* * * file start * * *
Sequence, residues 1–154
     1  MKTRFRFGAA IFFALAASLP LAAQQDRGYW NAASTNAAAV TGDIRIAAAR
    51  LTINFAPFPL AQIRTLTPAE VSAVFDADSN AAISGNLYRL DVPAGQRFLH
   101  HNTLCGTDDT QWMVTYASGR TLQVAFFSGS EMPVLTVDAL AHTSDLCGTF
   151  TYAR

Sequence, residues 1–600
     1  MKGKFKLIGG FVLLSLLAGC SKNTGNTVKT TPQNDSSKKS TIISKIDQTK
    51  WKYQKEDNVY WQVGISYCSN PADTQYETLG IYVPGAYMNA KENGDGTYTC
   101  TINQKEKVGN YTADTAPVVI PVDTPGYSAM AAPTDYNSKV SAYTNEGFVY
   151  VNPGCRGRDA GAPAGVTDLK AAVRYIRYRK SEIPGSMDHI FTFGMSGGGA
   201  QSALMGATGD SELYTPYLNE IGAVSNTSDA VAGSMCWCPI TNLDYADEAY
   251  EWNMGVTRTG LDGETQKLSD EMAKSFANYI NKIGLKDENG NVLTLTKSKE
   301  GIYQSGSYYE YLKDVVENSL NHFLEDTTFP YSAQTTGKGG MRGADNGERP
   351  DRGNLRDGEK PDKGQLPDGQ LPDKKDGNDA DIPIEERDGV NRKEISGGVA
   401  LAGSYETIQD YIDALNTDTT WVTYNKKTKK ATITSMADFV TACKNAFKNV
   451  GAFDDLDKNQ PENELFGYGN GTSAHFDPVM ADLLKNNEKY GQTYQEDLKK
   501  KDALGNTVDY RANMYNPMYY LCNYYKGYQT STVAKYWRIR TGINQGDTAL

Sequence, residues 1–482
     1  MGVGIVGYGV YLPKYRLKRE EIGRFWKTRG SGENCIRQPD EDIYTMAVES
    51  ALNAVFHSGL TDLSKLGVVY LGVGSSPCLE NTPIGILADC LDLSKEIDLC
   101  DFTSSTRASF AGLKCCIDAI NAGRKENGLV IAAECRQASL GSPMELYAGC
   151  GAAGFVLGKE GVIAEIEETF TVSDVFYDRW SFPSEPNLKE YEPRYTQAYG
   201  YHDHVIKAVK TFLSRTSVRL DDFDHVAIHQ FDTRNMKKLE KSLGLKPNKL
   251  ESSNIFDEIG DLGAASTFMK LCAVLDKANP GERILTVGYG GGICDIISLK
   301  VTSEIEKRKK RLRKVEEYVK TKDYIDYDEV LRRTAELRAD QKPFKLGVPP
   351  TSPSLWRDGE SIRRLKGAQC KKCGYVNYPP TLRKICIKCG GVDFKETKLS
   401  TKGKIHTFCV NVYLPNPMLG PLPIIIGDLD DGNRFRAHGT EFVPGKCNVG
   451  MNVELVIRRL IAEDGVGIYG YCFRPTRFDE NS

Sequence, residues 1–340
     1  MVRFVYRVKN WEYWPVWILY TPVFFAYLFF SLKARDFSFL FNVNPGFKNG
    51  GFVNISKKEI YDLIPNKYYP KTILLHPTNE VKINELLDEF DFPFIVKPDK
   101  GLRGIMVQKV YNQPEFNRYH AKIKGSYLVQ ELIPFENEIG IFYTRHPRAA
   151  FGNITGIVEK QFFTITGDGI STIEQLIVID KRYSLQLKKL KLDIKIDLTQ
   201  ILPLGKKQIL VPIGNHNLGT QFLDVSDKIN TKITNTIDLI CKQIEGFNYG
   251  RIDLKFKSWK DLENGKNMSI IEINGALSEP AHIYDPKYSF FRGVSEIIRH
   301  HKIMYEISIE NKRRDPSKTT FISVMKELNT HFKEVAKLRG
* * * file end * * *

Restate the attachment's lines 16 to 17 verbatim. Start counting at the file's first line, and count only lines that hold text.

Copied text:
   451  GAFDDLDKNQ PENELFGYGN GTSAHFDPVM ADLLKNNEKY GQTYQEDLKK
   501  KDALGNTVDY RANMYNPMYY LCNYYKGYQT STVAKYWRIR TGINQGDTAL